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Tell us the important things that happen in your life! We welcome submissions for inclusion in Class Notes. Online, submit them at www.law.virginia.edu/alumni; E-mail them to email@example.com; mail them to UVA Lawyer, University of Virginia School of Law, 580 Massie Road, Charlottesville, VA 22903; or fax them to 434/296-4838. Please send you submissions by September 1 for inclusion in the next issue.
Louis Auchincloss was featured in a profile in the Financial Times on September 21, in which he was dubbed the “grand old man of letters” (he is 90) and was noted for his talent and versatility as a writer. He has authored 30 novels, the most recent of which, The Headmaster’s Dilemma, was published last year. His other works include 17 collections of short stories and numerous works of non-fiction.
Catharine Powell Miller passed away on December 11 at the age of 84. She taught high school for five years in Stafford County, Virginia, and practiced law for 23 years in Fredericksburg before retiring in 1992. She had been a marriage commissioner since 1989.
Senior U.S. District Judge James C. Paine retired from the federal bench in June at the age of 83. Paine was appointed to the Southern District of Florida by President Jimmy Carter in 1979 and assumed senior status in 1992. Last year, Judge Paine, a former partner at Jones, Foster, Johnston & Stubbs, was honored by the West Palm Beach firm during a reception and portrait unveiling. Sidney A. Stubbs was one of many who welcomed guests and recognized the judge’s career highlights. Paine’s portrait now hangs in the firm’s main lobby.
Robert Bottomley and his wife sold their La Jolla home last summer and moved into Casa de Mañana, a retirement community facing the Pacific Ocean in La Jolla. Bottomley is completely retired but keeps busy with various projects.
On May 3, 2007, William Brown was on his way from Homosassa, Fla., to his 55th Law Class reunion (he had never missed one) when a truck in front of him dropped some debris which he could not avoid. Brown writes, “Thus came to a rapid end my plans for another enjoyable reunion.”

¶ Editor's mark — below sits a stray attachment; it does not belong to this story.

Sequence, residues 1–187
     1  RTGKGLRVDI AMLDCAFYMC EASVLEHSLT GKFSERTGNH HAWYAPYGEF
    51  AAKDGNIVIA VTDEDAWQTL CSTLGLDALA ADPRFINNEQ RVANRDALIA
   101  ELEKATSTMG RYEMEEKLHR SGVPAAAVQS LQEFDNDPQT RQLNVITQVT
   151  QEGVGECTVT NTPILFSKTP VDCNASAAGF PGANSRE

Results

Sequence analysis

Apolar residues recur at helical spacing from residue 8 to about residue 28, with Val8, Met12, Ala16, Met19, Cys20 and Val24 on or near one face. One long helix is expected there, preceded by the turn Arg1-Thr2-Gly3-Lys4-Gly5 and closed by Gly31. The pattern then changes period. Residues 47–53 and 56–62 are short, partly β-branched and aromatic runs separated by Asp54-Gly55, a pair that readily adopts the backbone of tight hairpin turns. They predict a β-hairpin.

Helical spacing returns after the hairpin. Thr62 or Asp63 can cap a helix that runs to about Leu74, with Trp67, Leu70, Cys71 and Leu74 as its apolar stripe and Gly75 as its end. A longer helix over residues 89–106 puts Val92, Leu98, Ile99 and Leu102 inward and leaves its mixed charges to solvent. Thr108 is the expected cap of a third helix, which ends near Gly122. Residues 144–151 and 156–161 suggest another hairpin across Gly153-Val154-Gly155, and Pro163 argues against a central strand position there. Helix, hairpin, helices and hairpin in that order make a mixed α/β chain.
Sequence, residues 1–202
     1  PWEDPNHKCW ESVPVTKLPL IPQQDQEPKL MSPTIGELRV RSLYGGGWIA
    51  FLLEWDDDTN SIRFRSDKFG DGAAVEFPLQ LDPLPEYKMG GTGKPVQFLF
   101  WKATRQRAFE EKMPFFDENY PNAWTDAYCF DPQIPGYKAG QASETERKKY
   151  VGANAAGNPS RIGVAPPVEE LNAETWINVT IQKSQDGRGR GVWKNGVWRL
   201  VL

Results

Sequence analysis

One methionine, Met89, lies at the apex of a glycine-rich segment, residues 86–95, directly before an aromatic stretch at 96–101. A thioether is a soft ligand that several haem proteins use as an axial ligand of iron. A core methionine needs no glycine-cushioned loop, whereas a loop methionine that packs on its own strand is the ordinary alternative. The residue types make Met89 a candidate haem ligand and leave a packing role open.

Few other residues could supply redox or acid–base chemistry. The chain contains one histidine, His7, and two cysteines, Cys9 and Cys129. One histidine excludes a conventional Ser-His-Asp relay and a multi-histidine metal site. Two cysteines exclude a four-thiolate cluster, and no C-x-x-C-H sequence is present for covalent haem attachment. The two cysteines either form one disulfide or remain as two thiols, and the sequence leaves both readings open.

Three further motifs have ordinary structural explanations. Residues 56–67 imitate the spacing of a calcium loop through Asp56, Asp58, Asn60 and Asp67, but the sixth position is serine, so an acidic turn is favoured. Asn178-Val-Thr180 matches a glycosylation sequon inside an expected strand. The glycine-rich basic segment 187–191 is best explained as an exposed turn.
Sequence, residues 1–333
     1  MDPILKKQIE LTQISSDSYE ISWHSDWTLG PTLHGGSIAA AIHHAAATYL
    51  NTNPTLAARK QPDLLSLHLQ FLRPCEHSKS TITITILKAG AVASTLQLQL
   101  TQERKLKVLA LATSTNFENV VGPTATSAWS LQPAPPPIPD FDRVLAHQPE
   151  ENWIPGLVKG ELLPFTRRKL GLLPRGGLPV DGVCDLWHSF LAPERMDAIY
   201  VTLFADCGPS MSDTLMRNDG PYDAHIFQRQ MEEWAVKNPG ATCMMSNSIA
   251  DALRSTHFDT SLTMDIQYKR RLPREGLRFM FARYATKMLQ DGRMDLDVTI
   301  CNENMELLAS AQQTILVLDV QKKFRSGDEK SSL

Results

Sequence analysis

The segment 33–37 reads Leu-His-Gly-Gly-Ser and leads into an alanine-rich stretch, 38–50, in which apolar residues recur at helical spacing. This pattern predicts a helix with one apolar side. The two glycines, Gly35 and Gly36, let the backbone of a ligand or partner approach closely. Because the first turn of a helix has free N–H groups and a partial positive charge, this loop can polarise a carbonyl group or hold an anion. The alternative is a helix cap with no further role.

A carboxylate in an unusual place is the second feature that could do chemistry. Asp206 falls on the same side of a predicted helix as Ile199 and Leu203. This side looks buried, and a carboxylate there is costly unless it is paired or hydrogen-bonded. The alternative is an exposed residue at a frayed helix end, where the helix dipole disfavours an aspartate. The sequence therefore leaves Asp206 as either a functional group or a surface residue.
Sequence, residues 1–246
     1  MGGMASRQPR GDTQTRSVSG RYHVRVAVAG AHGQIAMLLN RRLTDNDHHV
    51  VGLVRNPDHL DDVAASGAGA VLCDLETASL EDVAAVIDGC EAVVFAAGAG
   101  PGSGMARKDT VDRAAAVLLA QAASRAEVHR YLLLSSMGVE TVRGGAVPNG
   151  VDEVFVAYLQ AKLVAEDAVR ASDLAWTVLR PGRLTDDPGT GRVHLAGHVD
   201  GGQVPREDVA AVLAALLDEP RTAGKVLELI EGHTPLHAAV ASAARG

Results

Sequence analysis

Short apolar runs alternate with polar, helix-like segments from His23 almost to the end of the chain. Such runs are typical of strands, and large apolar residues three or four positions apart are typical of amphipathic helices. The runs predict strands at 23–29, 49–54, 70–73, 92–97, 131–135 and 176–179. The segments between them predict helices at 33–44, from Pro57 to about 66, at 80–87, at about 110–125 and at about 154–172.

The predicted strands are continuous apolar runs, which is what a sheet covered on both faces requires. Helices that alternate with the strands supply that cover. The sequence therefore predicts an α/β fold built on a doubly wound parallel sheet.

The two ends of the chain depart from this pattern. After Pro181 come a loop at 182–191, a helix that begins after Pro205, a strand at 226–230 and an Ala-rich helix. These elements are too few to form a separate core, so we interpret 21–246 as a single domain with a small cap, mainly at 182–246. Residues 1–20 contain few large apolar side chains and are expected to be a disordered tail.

U.S. Senator John W. Warner is the recipient of the 2008 Thomas Jefferson Foundation Medal, the highest honor given to an individual outside the University of Virginia community. The medal is given to recognize achievements of those who carry on Jeffersonian ideals. Warner will be the second recipient of the Thomas Jefferson Foundation Medal in Citizen Leadership, which honors “personal leadership and lasting influence on our common culture.” Warner served as secretary of the Navy and five terms in the U.S. Senate. The award is given during the University’s Founder’s Day celebrations held around Jefferson’s April 13 birthday.
Additionally, Warner will be honored at the Sorensen Institute for Political Leadership’s annual spring gala in April. The Sorensen Institute is a non-partisan, non-profit organization affiliated with the University of Virginia.
In August 2007, Warner announced his retirement from the U.S. Senate when his term expires in January 2009.
M. Scott Brodie has retired as a senior vice president and trust officer from Bank of America.
L. Martin Flanagan is of counsel to the law firm of Flanagan, Maniotis & Berger in West Palm Beach, Fla.
Memphis attorney, McDonald “Mac” Yawn, passed away on February 26, after a lengthy illness. After graduating from law school, Yawn held a clerkship under U.S. Court of Appeals Judge John D. Martin, before entering the firm then known as McCloy, Wellford & Clark, later becoming a partner. He subsequently practiced with Fisher, Avery & Yawn as a partner. Yawn represented clients in civil cases through his four decades of law practice. He served as an assistant city attorney in Memphis and tried numerous high-profile cases working chiefly with the Memphis Area Transit Authority and the Mid-South Coliseum and Auditorium. In later years, Yawn also served in as a staff attorney in Juvenile Court.